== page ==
NYC and DC public schools cancel outdoor activities as wildfire smoke plagues East Coast
Education departments in New York City and Washington DC have canceled outdoor activities in public schools as wildfire smoke drifting from Canada clouds the skies and creates unhealthy air conditions across the northeastern US.
Officials anticipate air quality to improve on 7 June but will likely deteriorate later in the day, according to forecasters, after eye-watering smoke and polluted conditions triggered alerts across the region. Thirteen states have issued air quality alerts, covering an area with roughly 100 million people.
Thick smoke was expected to drift across New York City and Philadelphia through Wednesday afternoon. Smoke is expected to reach as far south as South Carolina.
New York City’s air quality index surpassed 200 on Tuesday night, among the worst levels globally.
The city’s health commissioner Ashwin Vasan told reporters on Wednesday that the city’s air quality is at its worst since the 1960s, with conditions expected to last through several days.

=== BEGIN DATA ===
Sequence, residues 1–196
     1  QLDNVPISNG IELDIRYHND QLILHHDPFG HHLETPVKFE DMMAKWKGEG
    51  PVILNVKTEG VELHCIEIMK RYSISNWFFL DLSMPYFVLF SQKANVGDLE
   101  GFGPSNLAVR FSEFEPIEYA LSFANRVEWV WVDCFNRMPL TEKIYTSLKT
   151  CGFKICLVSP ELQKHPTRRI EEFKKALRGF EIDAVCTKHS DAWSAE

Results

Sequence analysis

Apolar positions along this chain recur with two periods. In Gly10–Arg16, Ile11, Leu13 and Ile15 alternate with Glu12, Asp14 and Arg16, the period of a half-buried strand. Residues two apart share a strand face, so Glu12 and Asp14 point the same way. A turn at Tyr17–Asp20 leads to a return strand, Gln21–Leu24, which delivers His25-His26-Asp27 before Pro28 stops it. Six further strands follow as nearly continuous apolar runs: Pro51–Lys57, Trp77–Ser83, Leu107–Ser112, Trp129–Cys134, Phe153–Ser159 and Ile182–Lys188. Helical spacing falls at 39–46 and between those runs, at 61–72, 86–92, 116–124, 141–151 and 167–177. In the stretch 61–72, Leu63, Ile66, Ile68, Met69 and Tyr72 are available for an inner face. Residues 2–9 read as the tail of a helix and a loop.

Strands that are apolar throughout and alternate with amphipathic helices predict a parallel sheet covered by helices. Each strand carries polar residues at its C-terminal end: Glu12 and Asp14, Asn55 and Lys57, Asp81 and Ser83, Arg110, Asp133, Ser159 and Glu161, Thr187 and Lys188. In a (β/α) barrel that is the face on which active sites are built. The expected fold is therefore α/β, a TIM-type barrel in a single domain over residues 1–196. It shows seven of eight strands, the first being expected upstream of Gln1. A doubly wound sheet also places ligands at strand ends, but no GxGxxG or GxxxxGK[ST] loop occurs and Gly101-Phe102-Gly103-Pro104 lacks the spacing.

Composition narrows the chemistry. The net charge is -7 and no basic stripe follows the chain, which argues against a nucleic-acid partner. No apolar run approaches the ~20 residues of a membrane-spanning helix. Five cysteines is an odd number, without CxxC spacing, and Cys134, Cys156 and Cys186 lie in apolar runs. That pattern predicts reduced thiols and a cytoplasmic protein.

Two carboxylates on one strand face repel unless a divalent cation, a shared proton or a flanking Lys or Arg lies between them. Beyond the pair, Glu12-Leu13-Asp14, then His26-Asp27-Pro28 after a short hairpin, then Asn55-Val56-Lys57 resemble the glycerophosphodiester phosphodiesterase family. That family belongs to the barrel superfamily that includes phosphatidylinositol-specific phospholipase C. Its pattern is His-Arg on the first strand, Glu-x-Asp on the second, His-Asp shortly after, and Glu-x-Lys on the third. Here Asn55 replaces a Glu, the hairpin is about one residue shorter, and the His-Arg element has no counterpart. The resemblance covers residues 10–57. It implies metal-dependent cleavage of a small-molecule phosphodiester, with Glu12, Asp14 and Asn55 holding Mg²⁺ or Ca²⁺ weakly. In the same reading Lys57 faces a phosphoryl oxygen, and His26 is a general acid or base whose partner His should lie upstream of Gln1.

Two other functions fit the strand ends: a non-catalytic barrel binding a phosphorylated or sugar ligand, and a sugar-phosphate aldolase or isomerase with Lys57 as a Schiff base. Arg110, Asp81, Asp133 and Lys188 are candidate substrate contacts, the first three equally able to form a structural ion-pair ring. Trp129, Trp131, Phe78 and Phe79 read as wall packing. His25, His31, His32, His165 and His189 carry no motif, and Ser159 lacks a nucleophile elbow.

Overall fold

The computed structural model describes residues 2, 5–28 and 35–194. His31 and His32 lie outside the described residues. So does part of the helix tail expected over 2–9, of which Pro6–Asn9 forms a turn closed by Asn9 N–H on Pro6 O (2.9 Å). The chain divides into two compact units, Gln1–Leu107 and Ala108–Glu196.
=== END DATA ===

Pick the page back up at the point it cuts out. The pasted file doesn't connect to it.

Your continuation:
Health officials have warned that hazardous air quality conditions can be acutely harmful for people with respiratory issues and other preexisting conditions. People are urged to stay indoors and wear a well-fitting mask, such as an N95 respirator, while outside. Indoor air purifiers also can help reduce the harmful effects of wildfire smoke.
“This is not the day to train for a marathon,” Mayor Eric Adams said during Wednesday’s press conference.
Roughly 250 fires have continued to burn out of control in Canada, with parts of Quebec and Ontario under a smog warning.
“Climate change is acclerating these conditions,” Mr Adams said during Wednesday’s briefing.
The global crisis is “going to force us to rethink the conditions we’re going to be facing,” he said. “This is a new universe we are in.”
In the US, the federal government’s most recent National Climate Assessment linked “human-caused climate change” with the rise in wildfires, which have acclerated with global heating caused by emissions from fossil fuels. As carbon released by fires is pumped into the atmosphere, global temperatures incease, further drying out land and vegetation, making it more susceptible to fire.